Pegah is an IT student, in her early twenties, living in a town in Iranian Azerbaijan. (She’s mentioned it here, and it wasn’t Tabriz, but I’m not doxing her. Besides, Quora Search.) She is a metalhead, she by her own admission finds it difficult to smile for photos, she has genocidal urges against men, and she is a… no, it would be inconceivable for her to be an unbeliever: she is a potato-chip worshipper.
(From one of her posts, saying that you can be a potato-chip worshipper, and the mullahs will leave you alone in Iran, so long as you don’t challenge their authority.)
I met Pegah via our mutual friend Lyonel Perabo, who has his own… fantastical account of Pegah as another response here.
Pegah is likely the best known Iranian on Quora. Certainly the best known to me. And Pegah plays a valuable role on Quora, of explaining Iranian and Azeri attitudes, Iranian daily life, Azeri and Iranian culture, to outsiders.
But to reduce Pegah to an Iranian, or an Azeri, or an explainer, is to insult her, and I will not. Not because she’ll threaten me, whatever our banter might indicate. But because I respect her. And because we’ve had wonderful exchanges here, trying to work out how similar our respective cultures are; swapping YouTube videos, quoting poems, and recognising the joy it gave us to share them with each other.
Pegah’s name means Dawn, but she’s not a daybreak; she’s a burning noon. She is passionate, and she is acerbic, and she is proud. It’s the pride that I admire most, all the more because it is tempered through her cynicism. She is proud to be Torki, and proud to be Irani, and proud to be a metalhead, and proud to be a potato-chip worshipper (or whatever that is code for).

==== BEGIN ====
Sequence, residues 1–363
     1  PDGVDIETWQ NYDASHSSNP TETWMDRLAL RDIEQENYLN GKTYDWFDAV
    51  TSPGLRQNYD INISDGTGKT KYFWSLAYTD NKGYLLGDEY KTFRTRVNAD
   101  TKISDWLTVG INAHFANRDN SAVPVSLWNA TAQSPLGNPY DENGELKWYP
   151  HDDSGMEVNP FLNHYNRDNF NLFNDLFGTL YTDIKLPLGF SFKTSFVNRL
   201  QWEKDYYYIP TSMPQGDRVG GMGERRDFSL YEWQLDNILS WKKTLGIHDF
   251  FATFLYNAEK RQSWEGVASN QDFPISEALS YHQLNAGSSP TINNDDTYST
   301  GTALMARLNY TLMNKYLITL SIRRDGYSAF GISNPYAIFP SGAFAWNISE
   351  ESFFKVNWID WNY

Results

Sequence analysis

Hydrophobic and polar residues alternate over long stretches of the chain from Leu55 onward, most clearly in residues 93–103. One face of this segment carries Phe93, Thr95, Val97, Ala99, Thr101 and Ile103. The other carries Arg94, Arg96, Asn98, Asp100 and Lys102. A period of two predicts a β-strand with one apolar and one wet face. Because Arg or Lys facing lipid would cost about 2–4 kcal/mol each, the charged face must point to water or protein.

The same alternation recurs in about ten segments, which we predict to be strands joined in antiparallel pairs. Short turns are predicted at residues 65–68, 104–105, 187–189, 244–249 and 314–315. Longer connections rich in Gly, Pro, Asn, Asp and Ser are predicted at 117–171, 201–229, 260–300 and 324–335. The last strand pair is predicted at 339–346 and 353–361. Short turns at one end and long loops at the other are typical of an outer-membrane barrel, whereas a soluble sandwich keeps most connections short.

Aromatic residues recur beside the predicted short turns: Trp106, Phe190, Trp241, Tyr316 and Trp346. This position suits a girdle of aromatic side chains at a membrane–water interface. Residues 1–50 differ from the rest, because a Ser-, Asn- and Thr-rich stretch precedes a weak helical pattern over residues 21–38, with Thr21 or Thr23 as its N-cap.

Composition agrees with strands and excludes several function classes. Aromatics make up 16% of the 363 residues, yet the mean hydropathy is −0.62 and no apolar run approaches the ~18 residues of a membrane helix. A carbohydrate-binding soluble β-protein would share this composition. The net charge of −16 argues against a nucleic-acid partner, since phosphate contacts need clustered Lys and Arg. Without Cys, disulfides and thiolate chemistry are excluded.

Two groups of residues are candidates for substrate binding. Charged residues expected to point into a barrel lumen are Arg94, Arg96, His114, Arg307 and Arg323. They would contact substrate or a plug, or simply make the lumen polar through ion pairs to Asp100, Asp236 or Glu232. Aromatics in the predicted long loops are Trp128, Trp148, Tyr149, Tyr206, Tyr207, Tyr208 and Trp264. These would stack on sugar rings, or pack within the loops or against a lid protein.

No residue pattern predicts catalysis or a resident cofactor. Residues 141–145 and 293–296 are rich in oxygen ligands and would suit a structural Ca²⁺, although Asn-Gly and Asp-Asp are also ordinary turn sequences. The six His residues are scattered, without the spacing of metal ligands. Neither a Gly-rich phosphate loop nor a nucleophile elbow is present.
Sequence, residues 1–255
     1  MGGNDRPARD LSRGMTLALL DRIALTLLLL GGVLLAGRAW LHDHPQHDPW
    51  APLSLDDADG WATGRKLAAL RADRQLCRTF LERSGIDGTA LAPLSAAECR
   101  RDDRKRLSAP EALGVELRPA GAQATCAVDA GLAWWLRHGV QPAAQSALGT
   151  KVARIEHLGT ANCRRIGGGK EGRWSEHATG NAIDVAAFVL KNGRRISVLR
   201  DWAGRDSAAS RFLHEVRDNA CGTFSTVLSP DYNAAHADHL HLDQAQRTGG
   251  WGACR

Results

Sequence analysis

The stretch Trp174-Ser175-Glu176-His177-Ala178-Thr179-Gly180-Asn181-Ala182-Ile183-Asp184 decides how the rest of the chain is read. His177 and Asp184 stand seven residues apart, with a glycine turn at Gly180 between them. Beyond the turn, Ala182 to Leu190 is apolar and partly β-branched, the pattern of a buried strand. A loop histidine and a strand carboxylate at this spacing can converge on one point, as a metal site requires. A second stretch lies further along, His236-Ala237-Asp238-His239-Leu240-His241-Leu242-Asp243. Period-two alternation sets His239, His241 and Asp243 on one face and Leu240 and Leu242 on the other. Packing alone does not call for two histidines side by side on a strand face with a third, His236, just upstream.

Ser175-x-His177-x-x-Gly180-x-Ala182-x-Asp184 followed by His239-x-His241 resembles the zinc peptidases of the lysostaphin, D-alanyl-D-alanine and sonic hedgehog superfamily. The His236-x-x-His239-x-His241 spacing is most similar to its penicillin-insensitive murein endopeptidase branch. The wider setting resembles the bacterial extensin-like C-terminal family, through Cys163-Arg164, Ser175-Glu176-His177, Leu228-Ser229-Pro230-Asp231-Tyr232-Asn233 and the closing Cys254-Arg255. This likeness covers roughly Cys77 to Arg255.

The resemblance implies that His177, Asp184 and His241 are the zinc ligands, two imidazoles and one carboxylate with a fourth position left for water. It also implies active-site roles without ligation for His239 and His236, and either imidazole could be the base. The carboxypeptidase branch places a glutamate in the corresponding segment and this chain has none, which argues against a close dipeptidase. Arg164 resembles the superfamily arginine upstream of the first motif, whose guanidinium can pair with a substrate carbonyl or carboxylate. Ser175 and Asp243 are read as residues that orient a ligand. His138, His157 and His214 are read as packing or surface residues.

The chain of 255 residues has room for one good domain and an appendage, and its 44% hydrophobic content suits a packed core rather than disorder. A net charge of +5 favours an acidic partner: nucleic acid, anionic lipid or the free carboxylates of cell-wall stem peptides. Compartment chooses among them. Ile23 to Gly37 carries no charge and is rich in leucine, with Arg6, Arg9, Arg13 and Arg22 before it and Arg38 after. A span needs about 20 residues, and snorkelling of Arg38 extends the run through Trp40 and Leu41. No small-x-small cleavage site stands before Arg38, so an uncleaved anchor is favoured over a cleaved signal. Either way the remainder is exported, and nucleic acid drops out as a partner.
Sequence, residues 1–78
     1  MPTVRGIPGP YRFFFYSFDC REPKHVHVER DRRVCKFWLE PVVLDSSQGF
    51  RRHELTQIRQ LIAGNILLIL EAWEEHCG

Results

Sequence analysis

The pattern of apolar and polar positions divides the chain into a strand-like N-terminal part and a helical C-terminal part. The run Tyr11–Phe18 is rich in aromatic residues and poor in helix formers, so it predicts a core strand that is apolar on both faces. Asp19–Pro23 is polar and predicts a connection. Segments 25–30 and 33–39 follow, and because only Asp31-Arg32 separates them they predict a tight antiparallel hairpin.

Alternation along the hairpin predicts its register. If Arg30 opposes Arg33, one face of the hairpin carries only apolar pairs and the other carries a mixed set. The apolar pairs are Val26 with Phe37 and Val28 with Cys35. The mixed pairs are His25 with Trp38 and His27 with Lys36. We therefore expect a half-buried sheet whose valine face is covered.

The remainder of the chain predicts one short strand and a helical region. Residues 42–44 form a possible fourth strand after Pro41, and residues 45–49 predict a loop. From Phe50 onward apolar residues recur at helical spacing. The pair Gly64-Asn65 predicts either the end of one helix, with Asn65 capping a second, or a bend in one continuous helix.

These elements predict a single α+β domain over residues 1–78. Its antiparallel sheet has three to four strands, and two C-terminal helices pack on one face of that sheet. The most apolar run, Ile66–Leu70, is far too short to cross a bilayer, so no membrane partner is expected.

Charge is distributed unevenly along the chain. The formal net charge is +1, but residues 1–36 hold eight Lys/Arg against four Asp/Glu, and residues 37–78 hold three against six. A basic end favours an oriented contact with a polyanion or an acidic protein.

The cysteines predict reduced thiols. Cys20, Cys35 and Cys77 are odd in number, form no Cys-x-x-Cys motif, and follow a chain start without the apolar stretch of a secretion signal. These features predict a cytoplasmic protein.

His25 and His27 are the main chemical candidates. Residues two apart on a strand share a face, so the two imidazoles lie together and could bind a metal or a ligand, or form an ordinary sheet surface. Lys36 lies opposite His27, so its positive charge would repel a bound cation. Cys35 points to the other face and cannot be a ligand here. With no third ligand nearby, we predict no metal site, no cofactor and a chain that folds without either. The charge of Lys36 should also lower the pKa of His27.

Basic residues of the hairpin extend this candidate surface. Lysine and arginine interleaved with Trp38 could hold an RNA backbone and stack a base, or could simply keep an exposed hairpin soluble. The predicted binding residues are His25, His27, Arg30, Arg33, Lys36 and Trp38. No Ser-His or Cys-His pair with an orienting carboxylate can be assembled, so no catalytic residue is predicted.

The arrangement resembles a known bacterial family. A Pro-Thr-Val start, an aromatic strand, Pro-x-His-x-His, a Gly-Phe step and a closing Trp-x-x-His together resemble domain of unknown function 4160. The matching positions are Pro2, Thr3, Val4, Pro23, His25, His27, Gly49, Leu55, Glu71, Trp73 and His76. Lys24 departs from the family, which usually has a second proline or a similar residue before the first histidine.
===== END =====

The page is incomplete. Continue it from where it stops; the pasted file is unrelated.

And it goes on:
And she would be a proud, burning noon wherever she was brought up. Being a member of a large minority in the Islamic Republic of Iran might give her cynicism an extra edge; but she’d be both proud and cynical (a potent combination) wherever she was brought up.
We had an exchange maybe last month, where I marvelled that we got along so well, when a century ago she would be my sworn enemy as a Greek; and Pegah protested. Surely we could have been common enemies against the Ottoman Empire.
No, Pegah, I know how religious communities within the Ottoman Empire worked. We massacred and banished our own fellow Greeks for being Muslims, after all, and they weren’t even Torki.
But thank you for suggesting we should have been allies. I would have been honoured to have someone as proud as Pegah as a sworn enemy then. And I’m honoured to count her among my friends now.
(You need to post more, though, Pegah. I miss your voice here.)